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GBR fish respond to fishing ban -

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GBR fish respond to fishing ban

Scientists have seen a doubling of fish biomass over five years inside the fishing exclusion zone
on the Great Barrier Reef. The reef is now cited as an example of what can be achieved in marine
management.

Transcript

Robyn Williams: Australians made a big splash at the American Association for the Advancement of
Science meeting in San Diego, announcing with a paper published through the Proceedings of the
National Academy of Science, how the no-fish zones on the Great Barrier Reef have performed, and
the news is brilliant. Terry Hughes of Townsville.

Terry Hughes: The paper which is about the be published is a summary of the work of 21 people from
lots of different institutions working on tropical reefs, and basically it's a success story, so
their paper documents a doubling of fish biomass inside these new no-take fishing zones, so-called
green zones, in less than five years. And that's really quite remarkable.

Robyn Williams: That's absolutely amazing, isn't it, and I suppose from the fishers' point of view
what they get is not simply a doubling in the exclusion zone which doesn't allow them in by
definition, but presumably outside the immediate area of the no-fish zone as well.

Terry Hughes: That's right, there are more fish inside the exclusion zone and they're bigger and
fatter, and that's important because big fish produce disproportionately more babies and those
larval fish are dispersed far outside the no-take zones into the areas where fishing is still
ongoing.

Robyn Williams: Was it with any pattern? Did you find that some fish did better than others?

Terry Hughes: Obviously the targeted fish are the ones that are responding because before the
rezoning typically in the older green zones there was about a five-fold difference in the numbers
of fish. So the zones where fishing was occurring are quite depleted. Not by world standards, there
are still a lot more fish in the Great Barrier Reef compared to just about anywhere else, but
there's a huge difference between the green zones and the blue zones, the zones where fishing is
allowed and isn't allowed.

Robyn Williams: Presumably you could imagine that this is a continuing effect which may in fact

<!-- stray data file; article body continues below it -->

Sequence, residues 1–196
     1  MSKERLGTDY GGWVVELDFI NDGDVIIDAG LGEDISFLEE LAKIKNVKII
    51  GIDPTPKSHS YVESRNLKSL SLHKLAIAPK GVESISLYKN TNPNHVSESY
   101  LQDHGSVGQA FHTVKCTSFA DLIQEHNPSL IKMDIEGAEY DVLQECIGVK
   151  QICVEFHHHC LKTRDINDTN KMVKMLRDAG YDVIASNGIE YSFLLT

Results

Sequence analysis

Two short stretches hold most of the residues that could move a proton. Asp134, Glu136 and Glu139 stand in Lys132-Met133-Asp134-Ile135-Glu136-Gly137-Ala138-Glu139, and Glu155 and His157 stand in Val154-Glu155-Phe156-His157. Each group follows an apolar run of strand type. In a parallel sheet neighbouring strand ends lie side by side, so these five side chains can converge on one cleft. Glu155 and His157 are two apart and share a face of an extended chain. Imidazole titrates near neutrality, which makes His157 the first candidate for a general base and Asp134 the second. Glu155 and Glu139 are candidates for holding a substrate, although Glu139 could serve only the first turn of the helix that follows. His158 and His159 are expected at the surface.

increase, or do you think you've reached a kind of ceiling?

Terry Hughes: No, this is very much at the early stage of the recovery of the fish populations
inside the new green zones. So we've seen a doubling in less than five years but we can expect that
to go on. We're not quite sure how much more it will increase by but I won't be surprised if it
doubles again in the next five years.

Robyn Williams: So it might even double again in the next five years, which really has huge
implications for policy. I understand that there is a move possibly to get the Coral Sea made into
a similar sort of no-fishing zone, and that's a gigantic area, three times bigger even than the one
on the Barrier Reef.

Terry Hughes: That's right. The issues in the Coral Sea are quite different from the Great Barrier
Reef. Obviously it's further offshore, so the fishing pressure there is negligible at the moment,
and for that reason it's one of the last few places on the planet where you've got intact
populations of big mega fauna; things like pelagic sharks, reef sharks, big populations of turtles,
sail fish, bill fish, all the big things are still there in reasonable shape, whereas in the Great
Barrier Reef they're quite depleted. One thing we've found in our study is that the network of
small zones in the Great Barrier Reef is quite effective for reef fish but it only has a negligible
impact on the recovery of the mega fauna, the turtles and dugongs and sharks, which remain quite
depleted. So having a very large exclusion zone directly seaward of the Great Barrier Reef I think
would be of benefit to the Great Barrier Reef as well as to the Coral Sea.

Robyn Williams: Incidentally, at this conference I actually heard somebody say (talking about
sharks) that the great white shark...they said there are as few great white sharks as there are
tigers, but people don't appreciate that fact.

Terry Hughes: That's right, the mega fauna everywhere, to a lesser extent in Australia than most
places, is severely depleted, and almost by definition they're slow-growing, slow-reproducers. They
have a life history like people, so they take a long time to reach sexual maturity, they have
relatively few babies compared to, say, small fish, and they're very prone to even small amounts of
fishing.

Robyn Williams: Okay, the overall implications? Do you think that this example will convince the
people who have been hesitant about applying this sort of no-fish zone in the future?

Terry Hughes: The Great Barrier Reef is a global icon for how to do it properly in terms of looking
after the marine environment. So people here in the States are really just starting their national
efforts to improve governance of marine resources, so there's a huge amount of interest in the
Great Barrier Reef story.

Robyn Williams: Terry Hughes is director of the ARC Centre for Excellence for Coral Reef Studies in
Northern Queensland, standing in windy San Diego. And I saw Professor Hughes sharing his good news
with Dr Jane Lubchenco, one of Professor Obama's top scientific appointments. She's head of NOAA.